When Apple TV 4K launched last year, it had fans salivating. But not for the sharper picture or faster processor. It was the new Siri Remote that caught everyone’s eye. Had Cupertino finally made a TV remote control that didn’t suck?
With its iPod-style scroll wheel, the second-generation Siri Remote promised to make scrolling through content effortless. In reality, the scroll wheel turned out to be hard to use, and lacked support from third-party apps like YouTube.
But don’t throw your remote at the TV just yet. When you get the hang of its quirks, the Siri Remote scroll wheel works surprisingly well. And you can use it with loads of essential apps, including Netflix, HBO Max and, of course, Apple TV+.
Of all the items that get misplaced regularly in my home, the TV remote has got to rank up there as number one. Other items, such as keys and wallet, may have a smaller footprint, but for whatever reason it’s the TV remote which constantly winds up going MIA.
With Apple redesigning the hated Siri Remote for its 2021 Apple TV 4K, you’d think it would be the perfect time to add some kind of tracking functionality to the device. After all, Apple’s just introduced AirTag, its location-tracking smart tech which promises to help you locate those hard-to-find with impressive accuracy.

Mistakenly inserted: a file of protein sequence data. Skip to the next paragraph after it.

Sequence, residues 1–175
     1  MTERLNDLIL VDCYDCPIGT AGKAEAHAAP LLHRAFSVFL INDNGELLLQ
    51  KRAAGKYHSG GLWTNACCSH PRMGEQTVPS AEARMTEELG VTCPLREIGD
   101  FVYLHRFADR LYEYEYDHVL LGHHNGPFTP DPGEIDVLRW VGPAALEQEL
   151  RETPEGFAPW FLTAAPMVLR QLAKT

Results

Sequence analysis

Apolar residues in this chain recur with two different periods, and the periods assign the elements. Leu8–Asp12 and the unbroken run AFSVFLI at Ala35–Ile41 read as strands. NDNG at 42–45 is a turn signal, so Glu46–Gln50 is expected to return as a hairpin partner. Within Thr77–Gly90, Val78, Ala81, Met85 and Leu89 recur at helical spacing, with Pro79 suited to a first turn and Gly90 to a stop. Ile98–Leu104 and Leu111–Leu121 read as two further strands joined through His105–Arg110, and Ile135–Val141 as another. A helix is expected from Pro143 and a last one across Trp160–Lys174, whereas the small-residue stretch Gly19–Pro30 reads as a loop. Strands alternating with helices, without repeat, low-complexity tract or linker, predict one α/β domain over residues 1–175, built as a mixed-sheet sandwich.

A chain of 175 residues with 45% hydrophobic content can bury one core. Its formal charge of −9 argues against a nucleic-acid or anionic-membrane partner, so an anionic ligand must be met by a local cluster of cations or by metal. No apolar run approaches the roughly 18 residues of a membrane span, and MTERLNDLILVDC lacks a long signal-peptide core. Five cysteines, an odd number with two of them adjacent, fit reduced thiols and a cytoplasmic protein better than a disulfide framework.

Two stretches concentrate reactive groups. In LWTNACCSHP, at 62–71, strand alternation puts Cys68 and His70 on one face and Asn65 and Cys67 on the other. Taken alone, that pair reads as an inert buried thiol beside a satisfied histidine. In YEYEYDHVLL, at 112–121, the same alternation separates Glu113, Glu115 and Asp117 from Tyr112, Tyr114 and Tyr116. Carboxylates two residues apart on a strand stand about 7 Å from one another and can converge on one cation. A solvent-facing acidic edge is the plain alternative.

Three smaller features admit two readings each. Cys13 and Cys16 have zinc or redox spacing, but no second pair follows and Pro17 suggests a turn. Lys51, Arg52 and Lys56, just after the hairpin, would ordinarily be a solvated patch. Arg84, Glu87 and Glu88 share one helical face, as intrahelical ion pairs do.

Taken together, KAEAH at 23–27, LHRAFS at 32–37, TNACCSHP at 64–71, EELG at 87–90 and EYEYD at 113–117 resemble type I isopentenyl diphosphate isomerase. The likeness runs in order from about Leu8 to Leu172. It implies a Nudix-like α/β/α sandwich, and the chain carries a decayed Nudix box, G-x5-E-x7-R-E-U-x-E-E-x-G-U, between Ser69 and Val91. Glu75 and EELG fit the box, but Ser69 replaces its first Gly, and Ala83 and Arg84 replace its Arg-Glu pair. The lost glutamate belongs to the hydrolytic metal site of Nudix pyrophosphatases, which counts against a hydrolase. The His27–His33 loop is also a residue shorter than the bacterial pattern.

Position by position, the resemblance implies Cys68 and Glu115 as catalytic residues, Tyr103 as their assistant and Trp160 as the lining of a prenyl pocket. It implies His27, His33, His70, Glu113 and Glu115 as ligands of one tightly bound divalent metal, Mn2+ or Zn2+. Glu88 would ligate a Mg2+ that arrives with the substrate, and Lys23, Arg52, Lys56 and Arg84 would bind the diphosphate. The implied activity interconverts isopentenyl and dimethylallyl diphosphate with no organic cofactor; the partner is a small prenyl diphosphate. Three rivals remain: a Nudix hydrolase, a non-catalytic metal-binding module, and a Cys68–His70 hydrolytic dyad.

Surely Apple could have squeezed its U1 Precision Tracking tech into the revamped Siri Remote? Apparently not. And according to a somewhat cryptic comment by Tim Twerdahl, Apple’s vice president of product marketing for home and audio, it’s to do with it being too thick. Or something.
It’s 4/20 and Apple’s big iMac and iPad Pro launch event was a total trip. The new Mac desktop comes in a rainbow of colors, and the M1 processor in the latest tablet will blow you away. And there’s AirTag too, at long last.
Grab some snacks and get ready to find out what the new products mean for Apple users and for the company’s future.
Apple took the wraps off the new sixth-generation Apple TV 4K on Tuesday. The upgraded set-top box boasts Apple’s A12 Bionic chip, which should bring a welcome performance boost. But perhaps more importantly, Apple redesigned the controversial Siri Remote.
The upgraded remote packs a new clickpad control system, a touch-sensitive ring that makes it easy to jog video backward and forward, and dedicated power and mute buttons.
This week on The CultCast: Apple announces WWDC 2020! We talk our hardware and software predictions. Plus: A new leak gives us some exciting info on the upcoming Apple TV hardware, and the iPhone 12 lineup, including some surprising prices and new features. And we wrap up with a look at the new 13-inch MacBook Pro, so stay tuned!
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While it might be far down the pecking order of best selling streaming boxes, the Apple TV and Apple TV 4K got high marks in the first quarter of this year for best picture quality speed and shortest lag time in starting videos, according to data collected from billions of sensors embedded into video applications.
The results are a clear sign of how well streaming devices and services performed in a period where more people around the world were homebound due to the coronavirus pandemic and turned to watching television en masse.